Transport for London (TfL) has licensed its contactless ticketing technology that will now be deployed in cities worldwide as the result of a £15 million licensing deal with Cubic Transportation Systems (CTS).
CTS is planning on integrating TfL's technology with other systems in order to make it easier for mass transit operators to allow passengers to pay using various contactless cards and mobile payment systems such as Apple Pay and Samsung Pay.
The CTO of TfL, Shashi Verma, expressed his excitement regarding how TfL will now be able to benefit customers worldwide, saying: “We're delighted to have agreed to this licensing deal with Cubic Transportation Systems to introduce our contactless payment system to other world cities.”
“Contactless payments have completely transformed the way people pay for travel in London and this deal will allow other world cities to benefit from the hard work we put into making the system work for our customers.”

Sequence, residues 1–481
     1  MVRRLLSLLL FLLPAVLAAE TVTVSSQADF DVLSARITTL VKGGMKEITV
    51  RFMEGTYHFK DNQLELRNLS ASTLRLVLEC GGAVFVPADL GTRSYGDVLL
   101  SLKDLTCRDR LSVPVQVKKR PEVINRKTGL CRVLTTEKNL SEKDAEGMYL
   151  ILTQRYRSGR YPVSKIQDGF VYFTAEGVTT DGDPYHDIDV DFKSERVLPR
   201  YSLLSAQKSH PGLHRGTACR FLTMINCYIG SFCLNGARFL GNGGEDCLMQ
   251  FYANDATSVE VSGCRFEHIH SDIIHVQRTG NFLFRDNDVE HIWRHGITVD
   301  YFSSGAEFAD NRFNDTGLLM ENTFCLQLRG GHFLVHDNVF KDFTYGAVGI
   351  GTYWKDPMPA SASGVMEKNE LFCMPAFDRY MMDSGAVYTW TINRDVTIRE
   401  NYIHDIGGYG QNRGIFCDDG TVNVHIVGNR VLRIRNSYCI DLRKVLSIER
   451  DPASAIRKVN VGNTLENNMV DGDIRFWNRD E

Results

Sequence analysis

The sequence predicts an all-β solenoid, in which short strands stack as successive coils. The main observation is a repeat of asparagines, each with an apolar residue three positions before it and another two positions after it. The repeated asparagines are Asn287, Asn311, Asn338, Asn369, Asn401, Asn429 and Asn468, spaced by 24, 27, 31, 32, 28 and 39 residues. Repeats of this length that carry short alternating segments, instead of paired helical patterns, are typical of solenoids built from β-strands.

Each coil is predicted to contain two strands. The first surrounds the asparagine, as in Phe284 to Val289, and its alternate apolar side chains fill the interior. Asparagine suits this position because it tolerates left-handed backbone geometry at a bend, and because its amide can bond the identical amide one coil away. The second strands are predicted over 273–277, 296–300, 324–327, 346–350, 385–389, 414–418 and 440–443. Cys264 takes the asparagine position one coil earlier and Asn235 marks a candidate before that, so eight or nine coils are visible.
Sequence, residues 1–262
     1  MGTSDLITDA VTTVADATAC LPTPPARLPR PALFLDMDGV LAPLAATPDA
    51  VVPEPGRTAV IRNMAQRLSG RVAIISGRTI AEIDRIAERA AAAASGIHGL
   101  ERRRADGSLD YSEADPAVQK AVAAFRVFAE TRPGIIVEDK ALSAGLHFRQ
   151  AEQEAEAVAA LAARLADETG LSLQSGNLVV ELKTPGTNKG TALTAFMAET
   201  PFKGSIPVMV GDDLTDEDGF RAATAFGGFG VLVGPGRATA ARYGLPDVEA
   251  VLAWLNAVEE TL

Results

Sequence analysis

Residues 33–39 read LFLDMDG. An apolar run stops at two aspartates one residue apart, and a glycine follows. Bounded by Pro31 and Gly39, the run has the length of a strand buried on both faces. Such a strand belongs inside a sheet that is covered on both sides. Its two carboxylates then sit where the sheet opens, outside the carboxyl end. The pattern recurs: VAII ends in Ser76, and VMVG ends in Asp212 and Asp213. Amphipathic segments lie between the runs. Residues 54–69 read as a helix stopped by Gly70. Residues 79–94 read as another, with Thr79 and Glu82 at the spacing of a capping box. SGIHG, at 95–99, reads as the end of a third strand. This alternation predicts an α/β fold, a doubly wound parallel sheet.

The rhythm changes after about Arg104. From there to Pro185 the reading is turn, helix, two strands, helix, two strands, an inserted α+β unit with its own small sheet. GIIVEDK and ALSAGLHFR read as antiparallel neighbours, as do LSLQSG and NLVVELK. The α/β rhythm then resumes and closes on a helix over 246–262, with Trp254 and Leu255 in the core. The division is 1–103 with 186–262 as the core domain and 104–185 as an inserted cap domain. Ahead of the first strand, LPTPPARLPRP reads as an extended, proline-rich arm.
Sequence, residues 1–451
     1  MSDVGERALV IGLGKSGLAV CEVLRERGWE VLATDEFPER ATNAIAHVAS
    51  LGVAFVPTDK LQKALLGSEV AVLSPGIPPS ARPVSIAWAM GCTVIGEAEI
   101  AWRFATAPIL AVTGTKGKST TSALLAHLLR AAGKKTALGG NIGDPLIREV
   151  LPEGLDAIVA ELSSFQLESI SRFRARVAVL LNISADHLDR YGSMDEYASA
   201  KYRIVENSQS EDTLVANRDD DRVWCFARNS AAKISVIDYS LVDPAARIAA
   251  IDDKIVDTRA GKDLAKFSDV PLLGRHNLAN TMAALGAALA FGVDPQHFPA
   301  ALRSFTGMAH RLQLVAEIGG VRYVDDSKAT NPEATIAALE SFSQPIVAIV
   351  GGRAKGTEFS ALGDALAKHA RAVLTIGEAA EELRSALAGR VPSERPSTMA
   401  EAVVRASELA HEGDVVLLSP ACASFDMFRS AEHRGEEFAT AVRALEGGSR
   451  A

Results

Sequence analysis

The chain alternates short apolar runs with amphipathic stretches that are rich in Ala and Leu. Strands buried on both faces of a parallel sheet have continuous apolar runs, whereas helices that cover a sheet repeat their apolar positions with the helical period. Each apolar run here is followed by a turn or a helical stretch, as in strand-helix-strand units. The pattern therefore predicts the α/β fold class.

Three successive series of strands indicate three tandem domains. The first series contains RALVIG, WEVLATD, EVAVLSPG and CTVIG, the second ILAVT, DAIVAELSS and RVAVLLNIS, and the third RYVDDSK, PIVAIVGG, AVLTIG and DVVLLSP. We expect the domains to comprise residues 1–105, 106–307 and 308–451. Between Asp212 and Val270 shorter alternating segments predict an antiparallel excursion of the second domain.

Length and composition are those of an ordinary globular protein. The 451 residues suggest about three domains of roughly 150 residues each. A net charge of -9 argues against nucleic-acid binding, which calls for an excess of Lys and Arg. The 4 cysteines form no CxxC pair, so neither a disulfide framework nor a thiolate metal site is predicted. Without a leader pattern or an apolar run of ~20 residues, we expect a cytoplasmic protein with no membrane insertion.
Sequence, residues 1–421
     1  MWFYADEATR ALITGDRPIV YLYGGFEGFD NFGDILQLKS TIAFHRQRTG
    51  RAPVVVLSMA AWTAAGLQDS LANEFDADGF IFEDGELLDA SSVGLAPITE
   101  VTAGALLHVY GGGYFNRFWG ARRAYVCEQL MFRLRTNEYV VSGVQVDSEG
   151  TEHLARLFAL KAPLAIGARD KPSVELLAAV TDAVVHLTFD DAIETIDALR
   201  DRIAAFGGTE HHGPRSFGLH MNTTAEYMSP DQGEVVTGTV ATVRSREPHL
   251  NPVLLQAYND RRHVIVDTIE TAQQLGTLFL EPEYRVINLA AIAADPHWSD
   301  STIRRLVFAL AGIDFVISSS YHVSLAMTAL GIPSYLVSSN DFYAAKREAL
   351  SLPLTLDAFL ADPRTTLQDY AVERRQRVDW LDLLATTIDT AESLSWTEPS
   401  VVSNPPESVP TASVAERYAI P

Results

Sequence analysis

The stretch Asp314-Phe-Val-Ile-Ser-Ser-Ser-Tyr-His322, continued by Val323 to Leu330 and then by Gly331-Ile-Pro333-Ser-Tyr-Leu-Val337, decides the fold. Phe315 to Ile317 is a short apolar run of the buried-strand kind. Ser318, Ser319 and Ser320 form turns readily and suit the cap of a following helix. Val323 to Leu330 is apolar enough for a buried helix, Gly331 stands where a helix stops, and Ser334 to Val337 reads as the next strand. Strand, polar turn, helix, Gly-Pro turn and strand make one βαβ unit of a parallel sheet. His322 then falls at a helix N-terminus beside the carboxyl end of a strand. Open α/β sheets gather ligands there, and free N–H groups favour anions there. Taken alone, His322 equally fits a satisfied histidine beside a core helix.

Since 2003, CTS has worked alongside TfL when the two companies first introduced the Oyster card which has allowed buses, tubes and rail services in London to support contactless debit and credit cards since 2012.
More than a billion trips have been made using contactless payment during the course of the four years after the card was originally introduced. London's public transportation system is responsible for one tenth of all of the contactless transactions that occur in the UK.
CTS is currently working with mass transit operators in Sydney, Brisbane, Vancouver, Chicago and other cities to offer contactless payments to their residents. Its licensing deal with TfL is the first of more to come according to the company.
The proceeds earned from the arrangement between the two companies will also aid Mayor Sadiq Khan in fulfilling his promise of freezing public transportation fares in London.
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